Dr. Stat

Dr. Stat is a Statistics Professor. This blog is his opportunity to share ideas and opinions about education (especially math education), politics, and whatever else comes up.

Friday, April 08, 2005

Daylight Saving Time is a Peeve of Mine

And many of our esteemed legislators have fallen prey to the absurdity:
"The more daylight we have, the less electricity we use," said Markey, who cited Transportation Department estimates that showed the two-month extension would save the equivalent of 10,000 barrels of oil a day. (In an April 7 AP article quoted rom CNN.com.)


The California Energy Commission has a nice article called Saving Time, Saving Energy which explains the history and advantages of DST.

It seems convincing, but I'm not yet convinced. First of all, it is not true that changing our clocks changes the amount of daylight available. Therefore, it is not automatic that extending DST would save oil. Second, the statement, "The more daylight we have, the less electricity we use," appears to be false. I obtained monthly electricity usage data for the US for the years 2001 to 2004. The amount of daylight available varies across the country, but as an operational "average," I used the number of minutes from sunup to sundown in Omaha, Nebraska on the 15th of each month. A simple linear regression of electricity usage to minutes of sun shows a significant (p=.03) positive relationship of 66 million kwhrs per additional minute of daylight! (That's about .02% of the monthly average). The explanatory power of the model is poor (R-square=.0981).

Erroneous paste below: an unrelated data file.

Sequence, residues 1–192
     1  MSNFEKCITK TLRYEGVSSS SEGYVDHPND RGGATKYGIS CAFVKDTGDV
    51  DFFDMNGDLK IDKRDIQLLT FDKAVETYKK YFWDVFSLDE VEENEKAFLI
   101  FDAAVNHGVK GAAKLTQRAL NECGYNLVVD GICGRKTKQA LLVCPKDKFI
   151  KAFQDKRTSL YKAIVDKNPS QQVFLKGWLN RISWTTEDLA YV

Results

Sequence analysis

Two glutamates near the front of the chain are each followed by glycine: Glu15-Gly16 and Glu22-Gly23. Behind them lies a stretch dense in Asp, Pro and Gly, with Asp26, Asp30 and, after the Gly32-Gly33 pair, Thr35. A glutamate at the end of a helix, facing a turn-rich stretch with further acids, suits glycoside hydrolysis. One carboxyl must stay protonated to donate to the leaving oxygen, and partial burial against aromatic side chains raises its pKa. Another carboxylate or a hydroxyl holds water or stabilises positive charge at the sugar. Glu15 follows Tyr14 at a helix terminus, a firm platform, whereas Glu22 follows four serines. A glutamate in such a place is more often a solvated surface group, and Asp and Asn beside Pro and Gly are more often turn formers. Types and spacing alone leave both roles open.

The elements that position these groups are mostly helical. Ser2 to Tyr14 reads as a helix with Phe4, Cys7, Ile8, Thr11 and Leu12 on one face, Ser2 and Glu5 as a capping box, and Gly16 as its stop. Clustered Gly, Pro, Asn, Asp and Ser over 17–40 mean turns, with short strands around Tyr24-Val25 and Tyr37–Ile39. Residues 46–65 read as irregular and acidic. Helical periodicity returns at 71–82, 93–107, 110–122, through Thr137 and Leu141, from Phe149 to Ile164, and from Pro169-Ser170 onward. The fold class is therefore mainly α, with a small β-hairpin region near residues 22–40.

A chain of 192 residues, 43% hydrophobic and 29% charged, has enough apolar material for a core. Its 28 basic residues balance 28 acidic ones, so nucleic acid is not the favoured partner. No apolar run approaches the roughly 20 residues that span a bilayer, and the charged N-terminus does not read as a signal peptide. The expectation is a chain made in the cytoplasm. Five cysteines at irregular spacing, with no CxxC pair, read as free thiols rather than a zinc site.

Indeed, my calculations are rough and the Transportation Department probably had better data and did more extensive analysis. However, if the real issue in saving energy is the number of hours of lighting needed, it is still not necessary to change the clocks! People who can benefit from a change in rising and retiring times should adjust their schedules accordingly. If businesses can influence this factor, they can change their hours of operation. None of this requires a change in clocks. In fact, we could change business hours at any time throughout the year! NOTHING prevents that. Why not start work one hour after sunrise no matter what time of year it is? Or perhaps time the start of work in such a way that people have to get up eight hours after sunset. It seems to me this would result in the maximum electrical savings. Indeed, it is often managing the peak of electrical usage that is most important to saving energy. This is best accomplished by having different people in the same region on different schedules!

Truck and Barter has some supporting thoughts here.